You adopt a “what you see is what you get” attitude with your peers and the public. You’re not going to bend your personality to please everyone—and you’re proud of it.
While it’s great to feel comfortable in your own skin, there’s a danger if you refuse to alter your preferredto win over others. People might decide to avoid you rather than put up with your inflexibility.
Peter Klein, a former senior vice president at Gillette Co., learned this lesson as a consultant with the Marketing Corporation of America in the early 1980s. He’d write long reports for his clients—sometimes too long.
“They’d get 50 to 200 pages where I gave them a micro level of detailed support for my recommendations,” says Klein, who now runs PK Associates, a consulting firm in Rye, N.Y. “About 90 percent of my clients didn’t want such detail. They had an attitude of ‘be bright, be brief, be gone.’ ”
Klein kept hearing the feedback, “We don’t need all of this.” So he learned to focus on the client’s overriding issues without getting bogged down in minutiae.
“I adopted a new approach,” he says. “It was more linear and succinct. It clearly communicated the key issues from the client’s point of view.”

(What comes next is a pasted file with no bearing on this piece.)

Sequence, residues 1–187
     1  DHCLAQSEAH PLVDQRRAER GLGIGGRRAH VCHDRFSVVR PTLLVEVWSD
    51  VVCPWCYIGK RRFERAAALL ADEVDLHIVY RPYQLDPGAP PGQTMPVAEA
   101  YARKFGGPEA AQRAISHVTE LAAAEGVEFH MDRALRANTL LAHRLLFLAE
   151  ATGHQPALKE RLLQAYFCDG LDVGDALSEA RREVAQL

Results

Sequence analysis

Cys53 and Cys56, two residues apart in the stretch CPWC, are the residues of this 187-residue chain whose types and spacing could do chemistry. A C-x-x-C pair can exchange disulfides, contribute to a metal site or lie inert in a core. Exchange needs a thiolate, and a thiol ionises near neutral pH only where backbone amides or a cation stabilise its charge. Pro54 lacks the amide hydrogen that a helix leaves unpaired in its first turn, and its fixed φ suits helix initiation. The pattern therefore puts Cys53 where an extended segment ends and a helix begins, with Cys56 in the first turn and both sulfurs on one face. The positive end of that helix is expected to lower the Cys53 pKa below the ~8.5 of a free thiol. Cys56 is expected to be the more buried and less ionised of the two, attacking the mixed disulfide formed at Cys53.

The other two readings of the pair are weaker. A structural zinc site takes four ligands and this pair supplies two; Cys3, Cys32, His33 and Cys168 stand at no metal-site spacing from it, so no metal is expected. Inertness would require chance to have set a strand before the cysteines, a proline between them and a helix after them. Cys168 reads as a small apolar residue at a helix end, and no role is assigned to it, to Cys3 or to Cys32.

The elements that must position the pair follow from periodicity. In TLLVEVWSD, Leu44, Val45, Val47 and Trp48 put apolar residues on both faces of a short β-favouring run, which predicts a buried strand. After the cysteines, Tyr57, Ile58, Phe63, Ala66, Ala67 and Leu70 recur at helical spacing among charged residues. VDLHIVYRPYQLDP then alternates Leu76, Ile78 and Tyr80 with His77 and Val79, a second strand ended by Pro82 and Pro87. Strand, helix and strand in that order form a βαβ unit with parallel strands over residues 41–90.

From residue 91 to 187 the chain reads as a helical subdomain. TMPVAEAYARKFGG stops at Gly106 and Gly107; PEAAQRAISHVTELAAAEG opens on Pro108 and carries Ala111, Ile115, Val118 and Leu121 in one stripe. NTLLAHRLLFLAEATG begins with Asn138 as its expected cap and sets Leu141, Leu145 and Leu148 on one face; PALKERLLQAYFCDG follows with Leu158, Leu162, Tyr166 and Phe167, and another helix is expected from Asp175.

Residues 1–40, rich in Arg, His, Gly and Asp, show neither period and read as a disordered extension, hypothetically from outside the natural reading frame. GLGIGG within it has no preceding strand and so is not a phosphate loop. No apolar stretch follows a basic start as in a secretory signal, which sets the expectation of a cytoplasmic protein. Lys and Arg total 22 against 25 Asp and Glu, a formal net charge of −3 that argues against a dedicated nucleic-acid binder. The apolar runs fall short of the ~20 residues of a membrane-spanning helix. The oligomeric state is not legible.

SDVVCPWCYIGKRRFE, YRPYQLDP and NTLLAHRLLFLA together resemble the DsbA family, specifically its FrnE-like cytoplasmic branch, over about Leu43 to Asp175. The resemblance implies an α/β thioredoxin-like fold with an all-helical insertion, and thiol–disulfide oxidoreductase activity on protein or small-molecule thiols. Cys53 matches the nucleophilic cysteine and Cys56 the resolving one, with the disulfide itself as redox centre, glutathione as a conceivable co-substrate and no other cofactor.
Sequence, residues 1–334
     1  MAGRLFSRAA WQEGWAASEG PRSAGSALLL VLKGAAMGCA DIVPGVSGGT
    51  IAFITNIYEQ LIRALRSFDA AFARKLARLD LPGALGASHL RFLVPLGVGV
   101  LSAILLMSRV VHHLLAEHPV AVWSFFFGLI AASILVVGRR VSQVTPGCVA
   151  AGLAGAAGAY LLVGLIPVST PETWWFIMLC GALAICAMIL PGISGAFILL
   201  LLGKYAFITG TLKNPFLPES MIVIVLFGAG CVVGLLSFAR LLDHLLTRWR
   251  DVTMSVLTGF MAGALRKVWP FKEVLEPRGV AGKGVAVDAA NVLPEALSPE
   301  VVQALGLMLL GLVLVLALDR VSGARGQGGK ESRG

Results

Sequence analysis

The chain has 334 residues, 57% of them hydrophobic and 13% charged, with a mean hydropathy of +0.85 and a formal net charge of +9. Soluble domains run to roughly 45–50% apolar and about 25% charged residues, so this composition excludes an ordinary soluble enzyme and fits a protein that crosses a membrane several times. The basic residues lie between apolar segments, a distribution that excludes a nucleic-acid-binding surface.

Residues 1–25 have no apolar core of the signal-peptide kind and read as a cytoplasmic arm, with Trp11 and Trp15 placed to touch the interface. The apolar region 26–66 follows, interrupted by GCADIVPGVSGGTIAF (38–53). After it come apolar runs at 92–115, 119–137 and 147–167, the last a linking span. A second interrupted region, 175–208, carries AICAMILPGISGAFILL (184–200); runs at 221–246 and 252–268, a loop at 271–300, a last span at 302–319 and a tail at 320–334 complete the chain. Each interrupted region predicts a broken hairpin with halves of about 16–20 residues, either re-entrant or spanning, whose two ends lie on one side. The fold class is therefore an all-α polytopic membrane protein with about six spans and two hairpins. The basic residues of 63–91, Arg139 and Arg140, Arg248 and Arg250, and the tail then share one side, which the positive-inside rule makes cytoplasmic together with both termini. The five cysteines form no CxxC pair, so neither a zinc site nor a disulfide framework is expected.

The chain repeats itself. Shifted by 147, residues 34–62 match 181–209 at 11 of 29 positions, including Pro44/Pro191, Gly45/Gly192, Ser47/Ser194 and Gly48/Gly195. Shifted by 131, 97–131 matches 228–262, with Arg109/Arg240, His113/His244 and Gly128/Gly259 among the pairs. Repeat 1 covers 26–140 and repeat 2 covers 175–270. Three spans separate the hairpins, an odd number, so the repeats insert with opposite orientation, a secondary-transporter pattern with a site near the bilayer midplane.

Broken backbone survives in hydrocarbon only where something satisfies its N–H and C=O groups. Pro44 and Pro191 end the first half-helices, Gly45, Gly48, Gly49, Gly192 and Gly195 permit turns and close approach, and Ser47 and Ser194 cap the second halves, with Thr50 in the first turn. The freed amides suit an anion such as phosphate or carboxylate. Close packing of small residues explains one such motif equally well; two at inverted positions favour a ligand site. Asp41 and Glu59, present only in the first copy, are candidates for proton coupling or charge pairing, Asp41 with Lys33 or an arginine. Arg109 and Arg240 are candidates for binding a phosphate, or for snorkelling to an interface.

For the 10 percent of clients who welcomed detailed analysis, Klein crafted reports that he calls “deep and wide.” He recalls a senior executive who combed through every page of Klein’s thick binder. Finally, he asked Klein to ex-plain a typo in a footnote amid a huge appendix.
“Good consultants, like good managers, know how to read people,” Klein says. “You need to decide if you’re dealing with a ‘tell me what I need and why’ type or a micromanager who can’t let go.” To tailor your approach, note how others respond to your comments. If they nod frequently and endorse your proposals, you’re on the right track. But if they scowl, fidget and look bored or confused, you may need to talk less and ask more questions to create a livelier dialogue.